ALAN HOVHANESS (b. 1911)
Armenian Rhapsody No. 1 (1944) 5.45
Armenian Rhapsody No. 2 (1944) 7.47
Armenian Rhapsody No. 3 (1944) 5.42
Symphony No. 38 (1978) 19.09
Concerto No. 10 for piano, trumpet and strings (1988)
Hinako Fujihara (coloratura
soprano) in symphony
Martin Berkofsky (piano) in concerto
Chris Butler (trumpet)
Seattle SO/Gerard Schwarz (composer in Symphony)
rec (concerto and rhapsodies) Seattle, June 1996; (symphony) Seattle, May
As 'guardian angels' go Koch have been good to Hovhaness with at least half
a dozen of their CDs presenting his music.
This one groups three old (and concise) friends with a symphony and a concerto.
Remember that when numbering the concertos Hovhaness sequenced them across
the various genres. Hovhaness is prolific but this is not his tenth piano
concerto! It is his tenth concerto and it happens to be for piano and
All three rhapsodies are products of the war years and weave together Armenian
folk melodies and hymns. Their brevity might well make them a good place
to start an appraisal although they tend towards a sobriety and lower profile
than say Fra Angelico or the Majnun Symphony - both accessible
in every sense of that word on Crystal.
The first's legato fluency is exotic with a touch of Kodaly and of Islam.
The spiritual Second is undulant and liturgical with dance elements presented
over pizzicato steps. The Third's swaying and meditative Tunisian atmosphere
touches base with Rozsa's summer nights and the Tallis Fantasia.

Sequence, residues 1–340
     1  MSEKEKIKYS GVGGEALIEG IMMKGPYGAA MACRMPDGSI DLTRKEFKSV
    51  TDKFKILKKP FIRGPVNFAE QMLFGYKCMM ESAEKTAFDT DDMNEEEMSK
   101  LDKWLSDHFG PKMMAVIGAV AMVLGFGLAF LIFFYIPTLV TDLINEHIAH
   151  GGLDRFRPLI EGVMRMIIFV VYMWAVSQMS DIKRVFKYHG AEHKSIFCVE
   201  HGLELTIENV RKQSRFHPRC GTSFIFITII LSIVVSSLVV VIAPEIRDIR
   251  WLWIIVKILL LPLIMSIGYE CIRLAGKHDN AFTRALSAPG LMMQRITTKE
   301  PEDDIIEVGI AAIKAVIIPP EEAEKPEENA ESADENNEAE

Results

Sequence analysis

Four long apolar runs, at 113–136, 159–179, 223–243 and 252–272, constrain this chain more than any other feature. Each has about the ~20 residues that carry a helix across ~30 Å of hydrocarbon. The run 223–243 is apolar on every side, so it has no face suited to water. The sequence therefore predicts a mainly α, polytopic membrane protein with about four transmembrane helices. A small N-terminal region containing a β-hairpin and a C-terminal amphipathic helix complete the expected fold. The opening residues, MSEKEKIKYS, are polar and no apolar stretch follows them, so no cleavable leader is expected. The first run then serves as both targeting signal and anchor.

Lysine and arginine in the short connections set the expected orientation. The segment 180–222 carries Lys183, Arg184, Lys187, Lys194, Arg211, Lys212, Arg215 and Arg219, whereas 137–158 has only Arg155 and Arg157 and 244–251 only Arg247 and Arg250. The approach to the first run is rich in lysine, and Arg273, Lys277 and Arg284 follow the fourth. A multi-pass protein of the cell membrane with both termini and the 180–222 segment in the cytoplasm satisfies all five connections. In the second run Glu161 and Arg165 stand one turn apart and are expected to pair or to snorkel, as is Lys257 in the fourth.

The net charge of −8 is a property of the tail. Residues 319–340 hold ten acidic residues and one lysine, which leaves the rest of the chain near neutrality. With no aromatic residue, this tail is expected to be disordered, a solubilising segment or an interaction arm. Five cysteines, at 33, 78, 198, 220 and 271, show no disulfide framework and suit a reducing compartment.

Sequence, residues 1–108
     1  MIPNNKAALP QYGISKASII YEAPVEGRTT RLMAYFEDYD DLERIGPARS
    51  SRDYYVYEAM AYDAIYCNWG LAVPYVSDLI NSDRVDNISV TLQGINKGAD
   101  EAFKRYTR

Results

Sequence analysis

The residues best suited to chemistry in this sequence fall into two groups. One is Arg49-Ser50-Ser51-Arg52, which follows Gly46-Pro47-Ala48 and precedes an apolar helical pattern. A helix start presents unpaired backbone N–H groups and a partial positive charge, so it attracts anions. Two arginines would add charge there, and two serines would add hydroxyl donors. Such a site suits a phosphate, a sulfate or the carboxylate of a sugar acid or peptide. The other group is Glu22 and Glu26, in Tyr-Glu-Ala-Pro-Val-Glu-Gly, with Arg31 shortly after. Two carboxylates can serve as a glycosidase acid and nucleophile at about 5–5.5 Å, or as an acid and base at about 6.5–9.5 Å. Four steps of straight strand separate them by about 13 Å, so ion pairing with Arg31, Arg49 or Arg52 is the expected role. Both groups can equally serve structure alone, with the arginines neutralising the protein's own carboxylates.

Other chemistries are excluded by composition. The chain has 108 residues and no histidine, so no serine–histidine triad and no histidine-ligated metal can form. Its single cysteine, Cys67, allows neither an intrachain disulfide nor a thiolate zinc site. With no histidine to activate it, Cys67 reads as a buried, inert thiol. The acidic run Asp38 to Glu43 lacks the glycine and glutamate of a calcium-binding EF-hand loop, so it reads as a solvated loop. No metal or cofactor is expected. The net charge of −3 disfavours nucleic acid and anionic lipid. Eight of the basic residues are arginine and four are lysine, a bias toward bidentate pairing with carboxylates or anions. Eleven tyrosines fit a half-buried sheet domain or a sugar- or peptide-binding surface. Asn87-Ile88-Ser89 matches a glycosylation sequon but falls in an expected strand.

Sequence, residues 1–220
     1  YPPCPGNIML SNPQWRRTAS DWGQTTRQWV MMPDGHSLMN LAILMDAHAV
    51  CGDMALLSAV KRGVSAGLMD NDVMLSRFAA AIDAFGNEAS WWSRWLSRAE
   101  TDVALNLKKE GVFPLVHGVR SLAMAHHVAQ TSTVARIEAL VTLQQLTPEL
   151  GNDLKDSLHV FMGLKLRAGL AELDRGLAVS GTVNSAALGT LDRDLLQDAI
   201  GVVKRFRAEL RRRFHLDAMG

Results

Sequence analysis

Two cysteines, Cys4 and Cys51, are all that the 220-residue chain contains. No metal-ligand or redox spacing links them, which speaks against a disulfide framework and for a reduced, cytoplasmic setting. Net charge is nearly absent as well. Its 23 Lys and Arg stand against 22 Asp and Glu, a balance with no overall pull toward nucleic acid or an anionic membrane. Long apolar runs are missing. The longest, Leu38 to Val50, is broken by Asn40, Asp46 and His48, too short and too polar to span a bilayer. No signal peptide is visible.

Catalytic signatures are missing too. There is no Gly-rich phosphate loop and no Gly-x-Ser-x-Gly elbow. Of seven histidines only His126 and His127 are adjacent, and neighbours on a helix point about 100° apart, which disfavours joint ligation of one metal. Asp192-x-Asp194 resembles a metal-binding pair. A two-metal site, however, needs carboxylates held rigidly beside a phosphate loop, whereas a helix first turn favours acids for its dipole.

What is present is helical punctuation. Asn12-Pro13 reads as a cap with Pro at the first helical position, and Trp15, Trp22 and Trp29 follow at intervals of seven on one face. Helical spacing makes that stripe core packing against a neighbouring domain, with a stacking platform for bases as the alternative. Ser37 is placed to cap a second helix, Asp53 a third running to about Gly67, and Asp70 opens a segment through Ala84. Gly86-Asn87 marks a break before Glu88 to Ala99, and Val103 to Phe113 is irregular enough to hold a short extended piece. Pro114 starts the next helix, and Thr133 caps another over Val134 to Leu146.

Hinako Fujihara is the wife of the composer. The 38th symphony features her
vulnerably fragile voice in ionospherical melisma. She is partnered by the
perfection of Scott Goff's poetic flute in a soaring serene duet. The work,
in two unevenly paced movements, has a great sense of rest and of time moving
at an unthreatening pace. The strings, sometimes rather less than lush in
the rhapsodies, are here richer under the composer's direction.
Think of the Tenth Concerto as a six part suite. Slowly the piano reverently
picks out a typically understated melody further developed by the Tallis-like
strings. Next, over the rustling pizzicato of the violins, a reflectively
sauntering Japanese theme is chanted by the piano which then develops into
a quicker paced dance punctuated by bass strokes. A fast Lisztian allegro
recalls writing familiar from Shostakovich's Piano Concerto No. 2. The following
section over a gracious evocation of wavelets presents one of the composer's
most serene inspirations - flickering and quiet. The sober prayer of the
brass takes us towards the meditative sections of Vaughan Williams'
Antartica. The finale is sombre, ethereal and understated.
This is music about which there is nothing of the parade ground, no circus
and nothing kitsch.
The best notes so far for any Hovhaness album by Melinda Bargreen. A very